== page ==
Research on men in family roles has also been neglected until recently. As women are placing increased emphasis on work roles, men's family roles are being influenced.

Do Men Participate in Family Roles?

Miller (1984) describes research indicating that men spend little time participating in household and child-rearing activities. Time spent on child-rearing tasks by men average from 1.7 to 2.8 hours per week. Fathers do spend more time playing with their children, an average of 9 hours per week. Men spend an average of 11.2 hours per week on household tasks as compared to 53.2 hours for wives who work outside the home. Some research is indicating a shift toward greater balance in time allocation for dual-earner couples.

Are Men Psychologically Involved with Family?

Fathers report being highly psychologically involved with their families. They report that they more often think about family than about work and that the most important things that have happened to them relate to family. Also, when asked whether family or work provided more satisfaction, less than 5 percent indicated work, about 50 percent said they receive equal satisfaction from work and family, and about 45 percent see family as more satisfying than work.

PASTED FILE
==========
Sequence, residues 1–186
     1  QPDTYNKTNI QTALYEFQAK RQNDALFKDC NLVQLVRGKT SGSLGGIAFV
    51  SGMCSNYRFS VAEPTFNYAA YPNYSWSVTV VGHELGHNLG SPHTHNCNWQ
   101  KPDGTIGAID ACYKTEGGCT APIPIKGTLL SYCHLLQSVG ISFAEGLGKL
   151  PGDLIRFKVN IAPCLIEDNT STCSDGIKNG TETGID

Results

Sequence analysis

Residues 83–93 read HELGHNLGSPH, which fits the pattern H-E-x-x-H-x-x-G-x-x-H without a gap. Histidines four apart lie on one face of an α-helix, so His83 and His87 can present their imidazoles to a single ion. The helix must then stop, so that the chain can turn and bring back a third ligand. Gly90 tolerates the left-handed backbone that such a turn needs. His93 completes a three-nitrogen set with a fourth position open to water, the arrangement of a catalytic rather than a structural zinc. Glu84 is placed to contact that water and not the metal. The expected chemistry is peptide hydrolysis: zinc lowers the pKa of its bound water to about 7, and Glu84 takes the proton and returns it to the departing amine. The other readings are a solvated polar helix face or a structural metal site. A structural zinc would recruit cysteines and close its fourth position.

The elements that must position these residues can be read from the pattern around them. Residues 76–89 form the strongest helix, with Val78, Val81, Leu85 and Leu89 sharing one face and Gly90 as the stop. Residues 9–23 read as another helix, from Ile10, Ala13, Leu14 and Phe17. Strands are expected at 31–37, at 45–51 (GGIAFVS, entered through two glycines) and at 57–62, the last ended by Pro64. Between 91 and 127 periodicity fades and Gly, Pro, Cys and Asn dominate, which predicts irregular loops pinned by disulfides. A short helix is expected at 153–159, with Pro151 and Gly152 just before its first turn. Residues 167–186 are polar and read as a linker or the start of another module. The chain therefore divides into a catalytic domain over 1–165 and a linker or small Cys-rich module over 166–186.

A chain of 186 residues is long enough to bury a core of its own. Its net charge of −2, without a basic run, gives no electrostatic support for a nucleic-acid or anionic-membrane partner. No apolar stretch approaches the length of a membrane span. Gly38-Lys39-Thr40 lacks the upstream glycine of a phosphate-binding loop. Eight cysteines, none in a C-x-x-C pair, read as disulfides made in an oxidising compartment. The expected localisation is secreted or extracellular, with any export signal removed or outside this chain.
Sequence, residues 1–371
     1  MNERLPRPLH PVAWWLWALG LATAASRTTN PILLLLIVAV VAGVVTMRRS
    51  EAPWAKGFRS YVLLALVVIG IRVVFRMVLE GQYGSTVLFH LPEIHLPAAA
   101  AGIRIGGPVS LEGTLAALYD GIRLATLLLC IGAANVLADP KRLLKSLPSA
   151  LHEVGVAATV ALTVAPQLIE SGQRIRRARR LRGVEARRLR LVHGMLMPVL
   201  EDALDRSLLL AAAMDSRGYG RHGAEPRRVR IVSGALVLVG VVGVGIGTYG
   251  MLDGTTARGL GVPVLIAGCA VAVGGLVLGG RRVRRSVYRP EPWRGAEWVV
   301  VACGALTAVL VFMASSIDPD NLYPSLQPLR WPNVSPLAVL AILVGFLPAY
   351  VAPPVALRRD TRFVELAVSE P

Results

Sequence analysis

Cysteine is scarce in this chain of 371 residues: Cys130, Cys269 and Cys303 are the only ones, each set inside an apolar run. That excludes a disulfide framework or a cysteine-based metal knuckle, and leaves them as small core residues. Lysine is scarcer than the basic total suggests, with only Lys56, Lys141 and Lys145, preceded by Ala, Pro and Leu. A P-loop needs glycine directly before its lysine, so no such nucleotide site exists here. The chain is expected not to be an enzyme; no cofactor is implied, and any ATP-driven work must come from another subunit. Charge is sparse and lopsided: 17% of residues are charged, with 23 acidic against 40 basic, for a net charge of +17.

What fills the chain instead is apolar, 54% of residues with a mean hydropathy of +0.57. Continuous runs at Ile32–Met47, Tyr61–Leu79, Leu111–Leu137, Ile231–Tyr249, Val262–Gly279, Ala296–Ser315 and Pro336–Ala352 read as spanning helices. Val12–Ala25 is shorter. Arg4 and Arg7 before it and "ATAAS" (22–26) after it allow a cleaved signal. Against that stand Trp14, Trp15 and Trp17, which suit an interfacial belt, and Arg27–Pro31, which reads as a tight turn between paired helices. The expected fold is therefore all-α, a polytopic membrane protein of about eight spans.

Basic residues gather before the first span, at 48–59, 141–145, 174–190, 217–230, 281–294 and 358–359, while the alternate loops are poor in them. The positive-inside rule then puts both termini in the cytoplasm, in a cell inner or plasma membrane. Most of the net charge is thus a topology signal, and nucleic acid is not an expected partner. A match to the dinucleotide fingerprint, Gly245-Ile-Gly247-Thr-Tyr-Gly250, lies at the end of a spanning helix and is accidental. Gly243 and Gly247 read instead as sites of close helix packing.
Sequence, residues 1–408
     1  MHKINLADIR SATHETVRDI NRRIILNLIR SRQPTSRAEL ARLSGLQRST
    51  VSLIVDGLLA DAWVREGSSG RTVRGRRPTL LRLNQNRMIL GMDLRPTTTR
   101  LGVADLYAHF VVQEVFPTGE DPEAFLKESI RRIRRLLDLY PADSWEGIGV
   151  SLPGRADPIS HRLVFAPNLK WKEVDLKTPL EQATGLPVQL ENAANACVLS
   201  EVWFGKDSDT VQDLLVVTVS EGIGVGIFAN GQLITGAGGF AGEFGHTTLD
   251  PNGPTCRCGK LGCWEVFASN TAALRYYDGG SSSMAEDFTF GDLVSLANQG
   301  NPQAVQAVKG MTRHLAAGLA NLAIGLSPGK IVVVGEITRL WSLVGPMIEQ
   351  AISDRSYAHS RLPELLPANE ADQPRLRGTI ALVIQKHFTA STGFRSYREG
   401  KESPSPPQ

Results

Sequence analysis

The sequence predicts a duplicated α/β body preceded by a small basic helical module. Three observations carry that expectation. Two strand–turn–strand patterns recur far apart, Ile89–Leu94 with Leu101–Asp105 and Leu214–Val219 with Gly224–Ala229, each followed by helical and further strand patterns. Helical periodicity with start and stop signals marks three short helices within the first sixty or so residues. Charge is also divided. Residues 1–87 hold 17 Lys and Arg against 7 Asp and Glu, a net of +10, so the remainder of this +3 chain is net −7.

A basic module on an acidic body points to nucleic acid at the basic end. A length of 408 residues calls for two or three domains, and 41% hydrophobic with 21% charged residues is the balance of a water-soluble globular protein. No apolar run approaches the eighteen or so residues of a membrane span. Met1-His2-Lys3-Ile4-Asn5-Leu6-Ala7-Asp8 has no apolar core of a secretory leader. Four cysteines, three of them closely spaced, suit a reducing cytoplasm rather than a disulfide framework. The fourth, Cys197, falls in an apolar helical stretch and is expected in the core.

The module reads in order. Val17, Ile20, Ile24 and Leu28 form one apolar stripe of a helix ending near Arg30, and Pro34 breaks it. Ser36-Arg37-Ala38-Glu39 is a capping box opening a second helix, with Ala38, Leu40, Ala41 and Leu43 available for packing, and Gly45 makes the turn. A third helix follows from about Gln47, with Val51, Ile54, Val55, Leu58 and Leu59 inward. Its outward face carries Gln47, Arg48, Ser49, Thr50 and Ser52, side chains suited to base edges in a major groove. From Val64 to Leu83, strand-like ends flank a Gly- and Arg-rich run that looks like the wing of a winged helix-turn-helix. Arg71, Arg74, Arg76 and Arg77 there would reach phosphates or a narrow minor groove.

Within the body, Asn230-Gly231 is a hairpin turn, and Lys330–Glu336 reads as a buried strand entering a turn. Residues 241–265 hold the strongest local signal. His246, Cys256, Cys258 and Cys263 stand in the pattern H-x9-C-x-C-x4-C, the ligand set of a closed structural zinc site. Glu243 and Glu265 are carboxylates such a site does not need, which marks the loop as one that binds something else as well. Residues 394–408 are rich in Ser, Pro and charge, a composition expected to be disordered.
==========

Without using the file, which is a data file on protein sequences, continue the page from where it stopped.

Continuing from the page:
Are Men Competent Parents?

Recent research has focused on men's parenting behaviors using observational techniques. Fathers have been found to be competent and responsive caretakers, both in terms of their use of certain caretaking behaviors and responsiveness to infant cues. Observations with infants show fathers to be active and competent caretakers. Children show strong attachment to both father and mother as compared to strangers. They tend to seek fathers for play activities and mothers when they are fatigued, alarmed, or stressed.

How Does Parenting Benefit Fathers?